The University Hospital of Northern B.C. in Prince George is one of 17 hospitals in B.C. that have been designated as primary COVID-19 sites, which would be the first tasked with taking care of coronavirus patients in the event that the number of cases surges.
Health authorities have been examining where critical care hospitals and ventilators may be needed if the number of coronavirus cases start to increase dramatically, using different scenarios based on what has happened in other countries, including South Korea, Italy, and the province of Hubei in China.
The models so far show the trajectory of the outbreak in B.C. is closer to that of South Korea, which is good news for health care officials.
But health officials are also planning for a worst-case scenario, such as that seen in northern Italy.
Even in that case, B.C. does have the capacity to care for COVID-19 patients, said Health Minister Adrian Dix and Dr. Bonnie Henry, B.C.’s chief medical health officer, on Friday.
But it would require significant efforts, including moving patients who don’t require critical care out of hospitals and transferring patients between facilities.
Making an early decision to cancel elective surgeries and free up as many acute-care beds as possible has been key to preparations, said Dix.
Currently there are 457 adult critical care ventilators available in B.C. hospitals, including 348 at the 17 large hospitals where most COVID-19 patients are expected to be treated, said Dix. A total of 72 more ventilators that have been ordered or are being repaired are expected to be available next week.
There are about 1,200 ventilators in the province as a whole, but some of those are required for other patients, such as those being transported by ambulance.
There are currently 228 intensive care beds at the 17 designated COVID-19 hospitals, plus another 113 beds that could be added at those sites for a total of 341 critical care beds at those hospitals.
That number could be expanded significantly if other hospitals were added in a worst-case scenario.
"We're preparing for the worst," said Dix.
Northern B.C. beds, patients
As of March 27, there were a total of 792 confirmed cases in B.C, 12 of them in the north.
The University Hospital of Northern B.C. has been designated the region's primary site for COVID-19 patients suffering from the respiratory disease, but the province says all other hospitals will be used if and as needed.
There are up to 57 beds available at UHNBC for critical patients who may need to be ventilated. That includes 10 critical care and 7 high acuity care beds, and another 9 critical care and six high acuity care beds at all other hospitals outside of Prince George. The health authority has the ability to use another 25 operating room beds to use if necessary.
There is however an immediate shortage of ventilators — just 16 are available. The province says those being ordered and upgraded will be sent to where they are needed.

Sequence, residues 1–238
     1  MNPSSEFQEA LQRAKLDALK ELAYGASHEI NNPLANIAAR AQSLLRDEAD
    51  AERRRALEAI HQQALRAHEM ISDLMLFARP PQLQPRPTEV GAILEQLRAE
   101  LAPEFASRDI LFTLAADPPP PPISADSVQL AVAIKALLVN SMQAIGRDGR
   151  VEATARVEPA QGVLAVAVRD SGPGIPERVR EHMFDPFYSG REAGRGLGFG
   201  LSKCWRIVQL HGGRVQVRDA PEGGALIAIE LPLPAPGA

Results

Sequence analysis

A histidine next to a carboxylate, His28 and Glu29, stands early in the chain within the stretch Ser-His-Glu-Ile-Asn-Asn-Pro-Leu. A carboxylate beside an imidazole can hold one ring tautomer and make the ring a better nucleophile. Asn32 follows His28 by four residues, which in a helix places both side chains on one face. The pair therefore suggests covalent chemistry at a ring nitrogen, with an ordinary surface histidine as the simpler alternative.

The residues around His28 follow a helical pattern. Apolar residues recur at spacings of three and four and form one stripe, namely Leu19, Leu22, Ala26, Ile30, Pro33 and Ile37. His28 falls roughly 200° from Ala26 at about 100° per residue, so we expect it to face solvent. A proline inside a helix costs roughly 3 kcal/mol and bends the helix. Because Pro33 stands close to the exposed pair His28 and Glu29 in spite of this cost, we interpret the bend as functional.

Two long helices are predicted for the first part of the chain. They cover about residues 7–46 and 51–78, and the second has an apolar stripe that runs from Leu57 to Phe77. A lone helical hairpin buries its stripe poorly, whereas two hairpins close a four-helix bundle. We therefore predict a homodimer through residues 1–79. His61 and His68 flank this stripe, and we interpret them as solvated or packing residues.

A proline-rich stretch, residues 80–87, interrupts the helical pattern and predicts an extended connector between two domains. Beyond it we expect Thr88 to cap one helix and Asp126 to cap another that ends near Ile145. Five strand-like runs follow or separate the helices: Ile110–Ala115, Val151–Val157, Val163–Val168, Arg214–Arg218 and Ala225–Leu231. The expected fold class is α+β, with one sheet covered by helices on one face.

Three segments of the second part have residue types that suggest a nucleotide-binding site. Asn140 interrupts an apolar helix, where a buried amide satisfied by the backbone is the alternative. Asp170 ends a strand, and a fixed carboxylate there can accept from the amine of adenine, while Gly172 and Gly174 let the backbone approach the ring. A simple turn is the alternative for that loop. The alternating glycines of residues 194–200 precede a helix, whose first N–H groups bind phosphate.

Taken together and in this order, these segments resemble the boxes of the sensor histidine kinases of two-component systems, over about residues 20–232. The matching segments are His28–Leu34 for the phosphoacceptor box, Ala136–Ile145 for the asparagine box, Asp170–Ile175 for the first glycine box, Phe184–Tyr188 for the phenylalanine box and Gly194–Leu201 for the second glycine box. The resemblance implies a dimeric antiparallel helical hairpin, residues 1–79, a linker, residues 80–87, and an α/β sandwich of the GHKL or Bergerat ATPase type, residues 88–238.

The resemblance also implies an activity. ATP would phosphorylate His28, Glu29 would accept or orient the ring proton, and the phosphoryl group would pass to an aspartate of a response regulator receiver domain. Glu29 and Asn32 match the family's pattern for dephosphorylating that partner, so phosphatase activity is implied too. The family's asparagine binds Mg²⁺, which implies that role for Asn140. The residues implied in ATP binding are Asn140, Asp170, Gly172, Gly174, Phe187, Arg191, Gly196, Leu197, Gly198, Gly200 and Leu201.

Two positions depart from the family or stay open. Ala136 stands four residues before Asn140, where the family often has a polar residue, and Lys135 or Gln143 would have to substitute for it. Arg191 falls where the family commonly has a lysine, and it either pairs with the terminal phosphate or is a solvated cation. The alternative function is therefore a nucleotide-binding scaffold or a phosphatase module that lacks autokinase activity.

Under best case scenarios, the province projects between three to 17 critical care patients at the hospital in Prince George, based on similar trajectories as South Korea and the Hubei province. It projects between six to 33 patients will be hospitalized in non-critical care at hospitals across the region.
Under a more extreme scenario, based on the epidemic crisis that has gripped northern Italy, the province projects between 23 to 38 patients in critical care at UHNBC; and between 41 to 160 hospitalized patients in non-critical care across the region.
Infection rate down
Those who don't have COVID-19 can be moved to other facilities if needed, Dr. Henry said.
Municipalities have also been asked to identify public facilities that may be available for COVID-19 response if those steps are necessary.
Dr. Henry said Friday the next two weeks are a critical time to how B.C.’s fares in the pandemic.
Since more restrictions were put in place to limit gatherings and ensure social distancing between March 12 to 14, B.C.’s rate of infection has dropped from a roughly 24% daily increase to a 12% daily increase.
B.C.’s current rate of infection is about 130 cases per million. If no measures had been put in place, that number would have been closer to 215 cases per million, said Henry.
B.C. likely won’t see the full impact of all its measures until between one and two weeks from today, Henry said. But so far, the measures are having the desired effect, she said.
"There's a slight chance of optimism that our rate of growth is being impacted by the measures we put in place in the last couple of weeks," Dr. Henry said.
But, "I don't dare talk about expectations. I want it to flatten more. The first 14 days we might not see much difference," she added. "There are still people who are going to develop this disease over the next two weeks.
Said Minister Dix: "What's needed most is 100% commitment in B.C. residents following Dr. Henry's orders, to continue bending the curve. That's how we deal with COVID-19 in the coming weeks and months."
This is a developing story.
— with files Tom Summer in Fort St. John, and Jane Seyd in Vancouver.
Email Managing Editor Matt Preprost at firstname.lastname@example.org.